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POSTED BY Hillary Cheng

In conjunction with the Rappaport Center, Suffolk Law Professor Jessica Silbey is organizing a program to teach online privacy to Boston-area middle schoolers with the help of law student volunteers.  The program’s curriculum was developed at Fordham Law School, a project funded by a cy pres award in a settlement.  The case that settled, Valentine et al v. NebuAd, Inc., involved claims that targeted online advertising violated the privacy of Internet users.

The fellow who helped develop the program, Jordan Kovnot, stated that he designed the program for middle schoolers because that is the age “when kids are starting to get online and us[ing] social media.”  The program is designed to inform and encourage the students to think about the consequences of having an online presence.

According to Professor Silbey, the program involves 5 modules: (1) introduction to privacy; (2) passwords and behavioral advertisement; (3) dealing with social media; (4) mobile technology, wifi, and facial recognition; and (5) reputation.  The educational program will involve worksheets, dialogue, surveying students’ responses to questions and discussing those answers, and visual displays and presentations.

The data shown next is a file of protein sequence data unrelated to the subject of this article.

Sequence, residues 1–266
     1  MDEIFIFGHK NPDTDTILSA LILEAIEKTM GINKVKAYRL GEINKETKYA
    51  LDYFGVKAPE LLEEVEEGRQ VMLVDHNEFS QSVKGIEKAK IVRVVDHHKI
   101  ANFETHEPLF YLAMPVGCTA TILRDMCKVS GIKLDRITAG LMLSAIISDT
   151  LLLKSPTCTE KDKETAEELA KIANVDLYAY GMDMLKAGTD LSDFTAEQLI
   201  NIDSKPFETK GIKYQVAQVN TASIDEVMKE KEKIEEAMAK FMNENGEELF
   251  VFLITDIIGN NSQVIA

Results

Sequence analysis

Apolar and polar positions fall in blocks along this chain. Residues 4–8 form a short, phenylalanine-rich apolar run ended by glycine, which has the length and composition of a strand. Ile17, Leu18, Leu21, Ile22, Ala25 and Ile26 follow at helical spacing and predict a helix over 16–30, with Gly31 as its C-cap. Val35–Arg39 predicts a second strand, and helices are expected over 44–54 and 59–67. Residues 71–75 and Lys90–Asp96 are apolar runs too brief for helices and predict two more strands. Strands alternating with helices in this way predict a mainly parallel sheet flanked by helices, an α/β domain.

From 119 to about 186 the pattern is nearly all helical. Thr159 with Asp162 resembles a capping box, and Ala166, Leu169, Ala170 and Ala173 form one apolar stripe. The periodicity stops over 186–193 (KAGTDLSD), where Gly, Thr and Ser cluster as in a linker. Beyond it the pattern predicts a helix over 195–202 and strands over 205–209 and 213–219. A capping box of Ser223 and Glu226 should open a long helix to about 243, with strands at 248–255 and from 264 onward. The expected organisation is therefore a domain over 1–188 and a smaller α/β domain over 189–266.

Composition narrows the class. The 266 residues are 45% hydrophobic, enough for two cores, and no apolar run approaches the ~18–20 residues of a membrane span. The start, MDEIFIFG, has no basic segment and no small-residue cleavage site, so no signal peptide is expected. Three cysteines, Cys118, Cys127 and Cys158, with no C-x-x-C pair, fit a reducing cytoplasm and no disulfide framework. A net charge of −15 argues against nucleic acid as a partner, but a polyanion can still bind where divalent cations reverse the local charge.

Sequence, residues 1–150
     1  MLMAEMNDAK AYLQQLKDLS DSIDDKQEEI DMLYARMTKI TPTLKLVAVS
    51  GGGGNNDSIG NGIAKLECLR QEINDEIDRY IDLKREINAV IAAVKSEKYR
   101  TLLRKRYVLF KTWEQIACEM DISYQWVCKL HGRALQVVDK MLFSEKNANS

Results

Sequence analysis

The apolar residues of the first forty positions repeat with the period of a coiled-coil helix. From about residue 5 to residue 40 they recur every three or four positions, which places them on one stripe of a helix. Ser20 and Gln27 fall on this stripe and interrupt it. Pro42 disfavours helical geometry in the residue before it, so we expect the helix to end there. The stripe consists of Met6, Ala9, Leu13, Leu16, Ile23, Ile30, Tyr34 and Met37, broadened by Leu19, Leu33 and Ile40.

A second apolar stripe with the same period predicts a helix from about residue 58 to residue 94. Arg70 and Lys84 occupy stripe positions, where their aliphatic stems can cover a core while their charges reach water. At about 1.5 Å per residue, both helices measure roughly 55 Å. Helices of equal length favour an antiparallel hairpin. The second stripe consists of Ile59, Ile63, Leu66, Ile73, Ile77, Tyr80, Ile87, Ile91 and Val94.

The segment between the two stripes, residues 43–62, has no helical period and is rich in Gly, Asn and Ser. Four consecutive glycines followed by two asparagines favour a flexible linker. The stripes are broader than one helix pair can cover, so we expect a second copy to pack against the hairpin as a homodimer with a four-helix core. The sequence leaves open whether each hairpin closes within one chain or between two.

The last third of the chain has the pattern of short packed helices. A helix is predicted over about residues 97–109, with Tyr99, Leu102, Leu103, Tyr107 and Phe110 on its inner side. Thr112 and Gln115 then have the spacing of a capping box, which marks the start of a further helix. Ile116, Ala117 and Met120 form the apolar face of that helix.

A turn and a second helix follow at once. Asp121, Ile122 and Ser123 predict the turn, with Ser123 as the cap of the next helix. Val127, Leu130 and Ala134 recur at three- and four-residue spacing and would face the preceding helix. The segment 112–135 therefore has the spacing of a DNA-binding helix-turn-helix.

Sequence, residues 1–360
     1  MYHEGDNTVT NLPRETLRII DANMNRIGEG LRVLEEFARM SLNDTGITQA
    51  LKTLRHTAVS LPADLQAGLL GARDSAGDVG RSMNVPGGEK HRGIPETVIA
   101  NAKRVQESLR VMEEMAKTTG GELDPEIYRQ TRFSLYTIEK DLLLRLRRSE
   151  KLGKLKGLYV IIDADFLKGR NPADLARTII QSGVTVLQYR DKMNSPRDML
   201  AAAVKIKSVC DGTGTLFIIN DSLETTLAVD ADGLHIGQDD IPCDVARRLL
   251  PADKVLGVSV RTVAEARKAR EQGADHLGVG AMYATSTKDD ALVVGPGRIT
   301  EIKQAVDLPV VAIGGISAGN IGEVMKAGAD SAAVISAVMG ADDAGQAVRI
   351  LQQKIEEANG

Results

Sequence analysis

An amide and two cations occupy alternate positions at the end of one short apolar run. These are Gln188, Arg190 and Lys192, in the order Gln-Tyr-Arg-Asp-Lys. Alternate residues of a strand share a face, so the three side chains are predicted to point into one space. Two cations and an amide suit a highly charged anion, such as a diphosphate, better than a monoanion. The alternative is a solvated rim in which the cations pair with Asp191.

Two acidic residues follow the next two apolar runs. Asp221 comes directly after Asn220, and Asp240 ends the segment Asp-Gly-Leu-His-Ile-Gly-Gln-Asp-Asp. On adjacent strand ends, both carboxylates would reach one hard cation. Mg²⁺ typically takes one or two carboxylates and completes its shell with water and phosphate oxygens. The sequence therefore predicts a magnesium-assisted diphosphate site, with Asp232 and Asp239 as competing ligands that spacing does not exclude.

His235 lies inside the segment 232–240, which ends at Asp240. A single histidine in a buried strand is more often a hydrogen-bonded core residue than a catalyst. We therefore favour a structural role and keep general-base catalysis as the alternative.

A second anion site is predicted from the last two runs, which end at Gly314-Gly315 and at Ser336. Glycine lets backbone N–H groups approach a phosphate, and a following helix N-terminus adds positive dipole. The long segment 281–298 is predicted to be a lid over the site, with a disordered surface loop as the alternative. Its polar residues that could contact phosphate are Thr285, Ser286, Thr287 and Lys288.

The program is much-needed and timely considering the growing use of the Internet among young teens.  As reflected in our forthcoming JHTL issue, many young teens do not fully understand the consequences of using social media or technology, and some abuses may result in criminal charges.  Furthermore, online technology such as Google’s targeted advertisements are becoming industry norm, and this increased access of user data by commercial entities raises legitimate concerns about the use of this data.

When asked about the harms of the growing lack of online privacy beyond user discomfort, Professor Silbey suggested several possibilities for concern.  Among others, areas of concern include the overly stringent use of advertising profiles in assessing a user for various decisions such as granting a mortgage, insurance, or other discretionary evaluations, the potential inaccuracy of an online advertising profile, and the expressive harm of reduced exposure to products beyond your advertising profile.

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